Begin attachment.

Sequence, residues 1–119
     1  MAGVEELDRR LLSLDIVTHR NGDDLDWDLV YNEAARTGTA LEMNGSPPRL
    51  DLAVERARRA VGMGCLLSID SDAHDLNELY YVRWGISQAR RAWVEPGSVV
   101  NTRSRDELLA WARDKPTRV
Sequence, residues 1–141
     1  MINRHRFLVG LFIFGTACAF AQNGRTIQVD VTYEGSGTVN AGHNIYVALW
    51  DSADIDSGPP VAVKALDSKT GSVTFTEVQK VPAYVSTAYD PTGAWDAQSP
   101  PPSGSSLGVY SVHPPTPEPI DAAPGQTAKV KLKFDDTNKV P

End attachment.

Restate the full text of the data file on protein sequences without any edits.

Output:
Sequence, residues 1–119
     1  MAGVEELDRR LLSLDIVTHR NGDDLDWDLV YNEAARTGTA LEMNGSPPRL
    51  DLAVERARRA VGMGCLLSID SDAHDLNELY YVRWGISQAR RAWVEPGSVV
   101  NTRSRDELLA WARDKPTRV
Sequence, residues 1–141
     1  MINRHRFLVG LFIFGTACAF AQNGRTIQVD VTYEGSGTVN AGHNIYVALW
    51  DSADIDSGPP VAVKALDSKT GSVTFTEVQK VPAYVSTAYD PTGAWDAQSP
   101  PPSGSSLGVY SVHPPTPEPI DAAPGQTAKV KLKFDDTNKV P